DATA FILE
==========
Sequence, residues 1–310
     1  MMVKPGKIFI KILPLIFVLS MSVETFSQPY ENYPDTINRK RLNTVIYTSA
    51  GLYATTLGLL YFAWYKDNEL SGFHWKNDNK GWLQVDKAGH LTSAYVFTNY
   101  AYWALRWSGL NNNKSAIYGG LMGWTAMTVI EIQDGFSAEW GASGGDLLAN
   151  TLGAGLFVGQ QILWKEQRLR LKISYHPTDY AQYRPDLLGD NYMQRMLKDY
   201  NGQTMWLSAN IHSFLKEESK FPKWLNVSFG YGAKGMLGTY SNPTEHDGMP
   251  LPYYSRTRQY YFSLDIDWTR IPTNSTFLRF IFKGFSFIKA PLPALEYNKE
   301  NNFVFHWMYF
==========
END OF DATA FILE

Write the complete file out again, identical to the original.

Sequence, residues 1–310
     1  MMVKPGKIFI KILPLIFVLS MSVETFSQPY ENYPDTINRK RLNTVIYTSA
    51  GLYATTLGLL YFAWYKDNEL SGFHWKNDNK GWLQVDKAGH LTSAYVFTNY
   101  AYWALRWSGL NNNKSAIYGG LMGWTAMTVI EIQDGFSAEW GASGGDLLAN
   151  TLGAGLFVGQ QILWKEQRLR LKISYHPTDY AQYRPDLLGD NYMQRMLKDY
   201  NGQTMWLSAN IHSFLKEESK FPKWLNVSFG YGAKGMLGTY SNPTEHDGMP
   251  LPYYSRTRQY YFSLDIDWTR IPTNSTFLRF IFKGFSFIKA PLPALEYNKE
   301  NNFVFHWMYF